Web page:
A very interesting article in the Washington Post suggests that, like chivalry before it, privacy is soon to be an outdated notion. In fact, just as chivalry created a restrictive, unequal society, too great an insistence on privacy is restrictive to growth and innovation.
The article is titled:
Privacy is following chivalry to the grave. Here’s why that’s a good thing.
By Dominic Basulto
In the digital era, it’s not only government agencies and Silicon Valley companies spying on us or attempting to monetize our data — it’s our smart TVs and our futuristic cars. And, once the Internet of Things gets fully connected, you can finally say goodbye to privacy, as just about any device will have the ability to eavesdrop on our conversations and report data in real-time. Privacy, once a right, is now not even a social norm.
In many ways, the end of the age of privacy bears a resemblance to the passing of another great value — chivalry. We all claim to mourn the passing of chivalry – and perhaps at no time more than during the run-up to Valentine’s Day — but consider what chivalry gave us: a patriarchal, hierarchical and class-based society that was literally medieval. Chivalry may have given us honor, nobility and courtly graces, but it also gave us income disparity, gender-specific roles, and a male-dominated boardroom. In short, society outgrew chivalry — just like society is about to outgrow traditional notions of privacy. …
Spend just a few minutes on today’s Internet, though, and you’ll realize that [the] notion of privacy is already an anachronism. Our accounts are hacked, our photos are uploaded for all to see, our medical records are open secrets and our intimate dealings and e-mails are “proclaimed from the house-tops.” Instead of wanting to be “let alone,” we now want to be part of communities and networks. To top it all off, “pieces of personal information are not only social currency but also more or less the basis for the entire world of online commerce.” …
The reason why the digital era has resulted in an astonishing erosion of privacy is that open, networked connected societies tend to develop faster. The closed off ones don’t innovate and grow their economies. From that perspective, too much privacy is actually a net drag on innovation. And big data, if anything, is hyper-accelerating this shift in how we think about sharing our data because it is eroding our privacy in two key areas that were once verboten: health information and financial information. …
[A]ttempts to regain privacy rights in the digital era at times appear to be a nostalgic grab for an earlier, analog era when privacy mattered so much more. …
We live in an era when everyone gets hacked, any post on social media might end up somewhere else, the government will spy on us (no matter what it says), and all of our personal records could end up in the wrong hands. Privacy may not have died in 2014, but it sure seems like it’s on life-support. And, with the Internet of Things, we’re just getting started. A generation from now, the fact that we had any privacy will seem quaint, if not distinctly medieval.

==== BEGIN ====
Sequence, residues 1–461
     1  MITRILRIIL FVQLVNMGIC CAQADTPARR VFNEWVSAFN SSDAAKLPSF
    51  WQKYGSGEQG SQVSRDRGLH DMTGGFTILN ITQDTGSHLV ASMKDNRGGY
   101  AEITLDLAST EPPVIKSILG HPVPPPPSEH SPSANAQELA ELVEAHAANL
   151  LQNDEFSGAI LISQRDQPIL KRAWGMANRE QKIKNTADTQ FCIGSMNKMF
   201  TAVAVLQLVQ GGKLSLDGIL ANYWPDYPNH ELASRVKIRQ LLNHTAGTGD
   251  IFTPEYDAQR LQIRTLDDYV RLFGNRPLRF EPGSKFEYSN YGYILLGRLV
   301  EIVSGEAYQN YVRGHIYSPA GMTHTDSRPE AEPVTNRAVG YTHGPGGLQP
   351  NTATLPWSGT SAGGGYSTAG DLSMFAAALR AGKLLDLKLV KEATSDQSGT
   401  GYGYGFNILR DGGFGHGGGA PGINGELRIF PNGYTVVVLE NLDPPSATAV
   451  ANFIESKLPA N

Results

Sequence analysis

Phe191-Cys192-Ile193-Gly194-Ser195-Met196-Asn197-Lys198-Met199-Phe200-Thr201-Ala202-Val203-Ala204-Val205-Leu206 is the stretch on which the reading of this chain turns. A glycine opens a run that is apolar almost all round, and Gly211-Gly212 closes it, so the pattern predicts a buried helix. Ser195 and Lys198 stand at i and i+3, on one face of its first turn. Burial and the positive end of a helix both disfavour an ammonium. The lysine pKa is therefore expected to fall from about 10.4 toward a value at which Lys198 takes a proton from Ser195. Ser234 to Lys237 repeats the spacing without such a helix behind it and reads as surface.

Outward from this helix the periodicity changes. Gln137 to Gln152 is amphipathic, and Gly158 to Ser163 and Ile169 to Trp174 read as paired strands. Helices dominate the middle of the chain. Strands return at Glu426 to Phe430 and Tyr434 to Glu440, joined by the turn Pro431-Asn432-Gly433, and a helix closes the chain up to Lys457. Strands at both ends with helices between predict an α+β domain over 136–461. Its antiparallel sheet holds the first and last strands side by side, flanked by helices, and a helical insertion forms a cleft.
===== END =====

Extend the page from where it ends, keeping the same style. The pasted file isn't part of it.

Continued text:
I have been having discussions with several people this last week on the subject of the Internet of Things. It’s certainly coming and in some instances it isn’t coming fast enough but in others it just seems like putting lipstick on the pig (I need internet access to my two-slice toaster?). Internet access in our cars in bound to be ubiquitous in a few years; Turning on the oven or closing the forgotten garage door remotely sounds useful too. But I’m uncertain about these new two-way televisions that can pick-up and transmit conversations back to the vendor or to some other nefarious site.
What will be the use of these eavesdropping appliances: will NFL teams fire players if they hear too much grumbling from the TV fans watching the Sunday game? Will soap operas quickly rewrite their scripts if TV viewers express hope and prayers that the already written-out character lying mangled in a hospital bed after a horrendous automobile accident miraculously survives and marries the gardener’s daughter? will the evening news only broadcast stories that return happy, contented sounds from America’s living rooms?
I think this two-way television should also transmit rude bodily gases for those times I actually stop to watch Sean Hannity.
On the other hand, I see the amalgamation of the television, the telephone, the computer, and the nightlight as being inevitable and probably for the good. Although there are many science fiction or just futuristic stories and movies where the all-purpose video device is characteristically associated with Big Brother watching. “What’s it gonna be then, eh?”
When I was in Graduate School, my first concentration was Medieval Literature. As such we read beaucoup de chivalric texts, especially in French with authors such as Crétien de Troyes. Looking back at this topic I thought a simple graphic might inform those readers who were not steeped in the chivalric tradition and those oh-so-manly medieval knights. Note that the Code of Chivalry is obviously an anathema to today’s Republican Party in almost every point.